Give to the Light
Homily for the Baptism of Elizabeth Simms Dedman during the Mass for the Solemnity of the Epiphany of the Lord
Preached on January 8, 2012 at Saint Andrew Catholic Church, Harrodsburg KY
Readings: Isaiah 60:1-6; Psalm 72:1-2, 7-8, 10-13; Ephesians 3:2-3a, 5-6; Matthew 2:1-12
In English, we simply say that a mother gives birth to her child. But, in Italian, to give birth is dare alla luce; in Spanish, it is dar a luz. In both these romance languages, the mother not only delivers her newborn into the world; she is said to give her child to the light. It is a beautiful expression that emphasizes the destiny of all humanity: none of us are meant to dwell in the darkness; all of us are called to live in the light (cf. 1 Jn. 1:6-7).
For some nine months or less, this infant was nourished in the dark waters of her mother’s womb, her face hidden from plain sight. But, now she is no longer just a twinkle in her father’s eyes; Simms has been brought forth by her mother into the light of day, and we see her face to face.
Today, her mother again gives Simms to the Light. Once she was brought forth into the gaze of the rising sun; today Simms is handed over into the arms of the Risen Son. She will pass through the waters of baptism to “receive the light of Christ” (cf. Rite of Baptism 100). From the womb of Holy Mother Church she will be born again “by water and the Holy Spirit” (cf. Rite of Baptism 83; 91; 98; 105). The priest will act as the midwife for this rebirth and God our Father will claim her as His own. The mystery that has been revealed by the Spirit to the holy apostles and prophets will become a reality in her life: she will be made “a coheir, a member of the same body, a copartner in the promise in Christ Jesus through the Gospel” (Eph. 3:6).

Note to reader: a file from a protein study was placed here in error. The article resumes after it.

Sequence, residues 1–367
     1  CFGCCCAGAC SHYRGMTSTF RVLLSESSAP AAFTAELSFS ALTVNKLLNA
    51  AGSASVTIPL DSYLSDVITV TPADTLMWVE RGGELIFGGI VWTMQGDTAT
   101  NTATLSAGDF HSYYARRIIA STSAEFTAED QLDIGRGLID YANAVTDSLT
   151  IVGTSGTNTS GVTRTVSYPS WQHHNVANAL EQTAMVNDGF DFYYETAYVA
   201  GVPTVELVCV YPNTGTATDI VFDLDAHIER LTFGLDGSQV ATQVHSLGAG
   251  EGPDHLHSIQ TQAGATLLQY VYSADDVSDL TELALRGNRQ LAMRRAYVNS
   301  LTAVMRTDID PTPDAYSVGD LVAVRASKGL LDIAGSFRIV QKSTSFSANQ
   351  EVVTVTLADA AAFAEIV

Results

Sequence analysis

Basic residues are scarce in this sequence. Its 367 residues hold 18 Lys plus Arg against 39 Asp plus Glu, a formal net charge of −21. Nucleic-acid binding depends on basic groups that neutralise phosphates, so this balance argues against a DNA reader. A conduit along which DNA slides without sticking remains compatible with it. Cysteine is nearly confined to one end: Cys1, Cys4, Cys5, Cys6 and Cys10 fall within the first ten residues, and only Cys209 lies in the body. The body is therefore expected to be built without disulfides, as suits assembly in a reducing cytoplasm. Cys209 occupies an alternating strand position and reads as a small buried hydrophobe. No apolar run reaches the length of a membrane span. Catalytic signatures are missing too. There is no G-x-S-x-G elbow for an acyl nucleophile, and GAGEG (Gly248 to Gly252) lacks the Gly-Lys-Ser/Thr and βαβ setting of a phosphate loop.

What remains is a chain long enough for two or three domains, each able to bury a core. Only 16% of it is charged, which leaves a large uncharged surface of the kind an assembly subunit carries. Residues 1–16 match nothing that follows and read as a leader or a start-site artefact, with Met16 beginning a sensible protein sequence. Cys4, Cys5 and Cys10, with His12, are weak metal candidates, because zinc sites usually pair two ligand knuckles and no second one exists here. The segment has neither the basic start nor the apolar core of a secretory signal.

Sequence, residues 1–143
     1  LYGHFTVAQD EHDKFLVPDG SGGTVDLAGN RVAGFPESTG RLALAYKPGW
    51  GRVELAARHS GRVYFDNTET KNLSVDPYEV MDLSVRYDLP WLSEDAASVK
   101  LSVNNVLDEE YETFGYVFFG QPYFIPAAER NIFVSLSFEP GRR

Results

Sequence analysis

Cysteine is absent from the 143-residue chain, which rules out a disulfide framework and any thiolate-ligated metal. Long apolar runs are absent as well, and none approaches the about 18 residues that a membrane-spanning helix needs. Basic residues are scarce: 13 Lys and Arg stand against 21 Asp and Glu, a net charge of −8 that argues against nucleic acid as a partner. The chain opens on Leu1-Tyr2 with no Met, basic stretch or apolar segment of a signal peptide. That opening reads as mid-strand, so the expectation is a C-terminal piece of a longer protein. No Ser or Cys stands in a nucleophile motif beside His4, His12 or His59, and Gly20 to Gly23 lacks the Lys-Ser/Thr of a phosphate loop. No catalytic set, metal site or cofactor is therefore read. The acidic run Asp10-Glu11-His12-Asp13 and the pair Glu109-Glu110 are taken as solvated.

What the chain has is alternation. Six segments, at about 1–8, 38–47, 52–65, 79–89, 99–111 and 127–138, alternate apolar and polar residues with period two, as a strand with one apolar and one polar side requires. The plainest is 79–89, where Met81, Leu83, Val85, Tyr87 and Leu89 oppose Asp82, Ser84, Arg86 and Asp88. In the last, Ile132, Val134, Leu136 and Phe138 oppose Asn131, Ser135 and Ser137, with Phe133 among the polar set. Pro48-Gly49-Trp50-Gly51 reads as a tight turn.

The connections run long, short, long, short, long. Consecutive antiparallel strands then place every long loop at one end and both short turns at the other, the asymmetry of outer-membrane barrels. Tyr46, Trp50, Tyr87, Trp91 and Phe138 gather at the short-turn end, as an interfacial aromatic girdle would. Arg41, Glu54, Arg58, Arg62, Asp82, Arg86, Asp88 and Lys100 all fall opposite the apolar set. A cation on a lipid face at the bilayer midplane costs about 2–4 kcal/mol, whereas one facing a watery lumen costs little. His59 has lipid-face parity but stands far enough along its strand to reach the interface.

It is but fitting that we celebrate this Sacrament of Baptism on the Solemnity of the Epiphany of the Lord. This feast traditionally commemorates three events which manifested that “the Lord, the Mighty One, has come” (Mal. 3:1) in our very flesh: the adoration of the Magi, the Baptism of the Lord, and the wedding at Cana. In each instance we realize that the Lord, whom we thought was hidden away in some distant Heaven, has entered into the realm of our senses: his star was seen by the Magi, the voice of His Father is heard thundering over the Jordan, the wine of His compassion is relished at the wedding feast. This is the great epiphany of this feast: rather than leaving us in the dark, the Lord has brought us face to face with Him. And His face, we have found, was that of an innocent and defenseless child who poses not a threat, as Herod had assumed, but an invitation to behold Him in His glory.
The prophet Isaiah tells us that “darkness covers the earth and thick clouds cover the peoples, but upon [Jerusalem] the Lord shines and over [Her] appears His glory (cf. Is. 60:2). This Light that had come for Jerusalem comes also today for this child. Let us give her to Him who is Light from Light (cf. Niceno-Constantinapolitan Creed) so that she too might “walk always as a child of the light” (Rite of Baptism 100; cf. Jn. 12:38; Eph. 5:8). And may you, parents and godparents, to whom this light is entrusted, keep the flame of faith in her heart burning brightly (cf. Rite of Baptism 100). Help her make her little light shine so that it might always guide her as she passes through the shadows of this world to the brightness of our eternal home.